It seems like yesterday I was writing in this space about wrapping up sandbar Sundays and getting necessary back-to-school supplies for my grade school children.

This year, I am a week or so into having two in college and trying to adjust to having only one at home. I know it is part of the natural progression for them to move up and out, but coming home to a dark, mostly quiet house last Sunday after dropping our son at the University of South Carolina to start his engineering studies, I could not help but reflect on how quickly time has flown. How I wish that I had more of it with them wading in the May River.

We have been blessed to raise our three children in this incredible part of the world and I know no matter how far they go, they will always appreciate God’s natural creations. And for that, I know we have done at least part of our job correctly.

Late summer and early fall is generally not active from a legislative perspective, yet while we are not in session, there are significant activities in process, of which this Representative is a part.

We are in the beginning stages of the once-a-decade re-apportionment and redistricting process, following the most recent decennial census. I am the only representative from the First Congressional District serving on the House committee that will conduct public hearings across South Carolina and recommend a redistricting plan for the 124 House districts as well as the state’s  seven congressional districts.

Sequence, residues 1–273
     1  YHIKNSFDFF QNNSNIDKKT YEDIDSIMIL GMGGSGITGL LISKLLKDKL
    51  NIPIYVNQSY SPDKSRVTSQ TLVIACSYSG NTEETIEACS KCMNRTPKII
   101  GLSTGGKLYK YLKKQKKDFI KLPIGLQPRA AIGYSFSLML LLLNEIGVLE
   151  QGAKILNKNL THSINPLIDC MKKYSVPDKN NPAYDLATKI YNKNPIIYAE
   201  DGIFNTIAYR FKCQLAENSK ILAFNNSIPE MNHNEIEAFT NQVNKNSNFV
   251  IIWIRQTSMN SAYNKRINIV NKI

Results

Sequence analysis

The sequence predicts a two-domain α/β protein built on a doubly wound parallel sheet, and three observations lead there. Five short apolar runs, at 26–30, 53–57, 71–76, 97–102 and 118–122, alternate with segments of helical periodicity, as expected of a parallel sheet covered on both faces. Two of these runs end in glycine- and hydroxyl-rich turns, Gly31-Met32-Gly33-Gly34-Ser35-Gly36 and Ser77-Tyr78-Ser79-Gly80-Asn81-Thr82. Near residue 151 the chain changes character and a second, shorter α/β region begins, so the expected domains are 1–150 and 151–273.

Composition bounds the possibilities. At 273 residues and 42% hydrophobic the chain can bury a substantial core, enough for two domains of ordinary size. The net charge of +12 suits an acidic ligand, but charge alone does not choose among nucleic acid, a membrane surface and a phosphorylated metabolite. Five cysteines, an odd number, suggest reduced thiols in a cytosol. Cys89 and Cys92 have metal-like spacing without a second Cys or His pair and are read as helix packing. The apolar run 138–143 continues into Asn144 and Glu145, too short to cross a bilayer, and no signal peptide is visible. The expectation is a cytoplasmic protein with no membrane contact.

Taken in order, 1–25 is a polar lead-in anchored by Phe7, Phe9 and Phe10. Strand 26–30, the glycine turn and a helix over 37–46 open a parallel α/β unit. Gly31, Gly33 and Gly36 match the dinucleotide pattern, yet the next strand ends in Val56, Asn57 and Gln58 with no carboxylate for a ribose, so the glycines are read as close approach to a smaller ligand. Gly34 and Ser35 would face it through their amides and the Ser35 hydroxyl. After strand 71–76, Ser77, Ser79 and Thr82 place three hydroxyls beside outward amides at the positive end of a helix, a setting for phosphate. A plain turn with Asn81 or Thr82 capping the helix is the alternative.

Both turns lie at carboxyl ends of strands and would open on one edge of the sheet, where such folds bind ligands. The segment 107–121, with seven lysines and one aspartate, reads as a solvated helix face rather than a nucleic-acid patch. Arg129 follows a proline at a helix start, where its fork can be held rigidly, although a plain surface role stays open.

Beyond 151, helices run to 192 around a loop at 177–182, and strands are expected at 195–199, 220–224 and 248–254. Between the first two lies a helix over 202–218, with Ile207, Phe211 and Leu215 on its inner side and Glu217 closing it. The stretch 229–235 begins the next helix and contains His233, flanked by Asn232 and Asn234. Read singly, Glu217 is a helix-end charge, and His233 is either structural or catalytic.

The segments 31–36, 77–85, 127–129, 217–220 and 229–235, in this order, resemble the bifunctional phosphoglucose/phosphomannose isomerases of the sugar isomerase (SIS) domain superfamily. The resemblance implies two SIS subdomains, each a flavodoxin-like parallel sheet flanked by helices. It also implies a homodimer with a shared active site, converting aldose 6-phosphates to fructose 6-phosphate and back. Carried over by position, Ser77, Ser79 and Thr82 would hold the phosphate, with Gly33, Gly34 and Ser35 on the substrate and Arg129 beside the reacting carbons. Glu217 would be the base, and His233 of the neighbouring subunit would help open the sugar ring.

Public input is an essential component to this effort, and I am pleased that, based on my involvement and at my insistence, one of the public hearings will be held at Bluffton High School Sept. 16 from 6 to 8 p.m. If possible, please make plans to come out and share your thoughts with us on what the state and federal districts should look like for the next 10 years.

Earlier this summer, I received an incredible honor from the Mother Emanuel AME Church in Charleston for my work on the Sen. Clementa Pickney Hate Crimes bill that passed the House with overwhelming support late in the legislative session. Several of my colleagues and I were recognized with the 2021 Emanuel Nine Humanitarian Awards.

As I have described on previous occasions, the bill is not a Republican or Democrat, black or white, Christian or Jewish, gay or straight issue. It is a penalty enhancement bill which does not create any new criminal offenses, does not restrict free speech or religious liberties, but protects each and every one of us from heinous violent criminal hate-based acts. It was long overdue in South Carolina.

Finally, I am pleased to report that for the fourth consecutive year, the Oversight Committee which I chair recently received a National Program Evaluation Society Impact Award for our work on modernizing laws and improving agency programs.      

It is an honor and privilege to continue to serve you in the House of Representatives. If I can be of service, please do not hesitate to reach out to me here or in Columbia.

Weston Newton is the representative for District 120 in the State House of Representatives.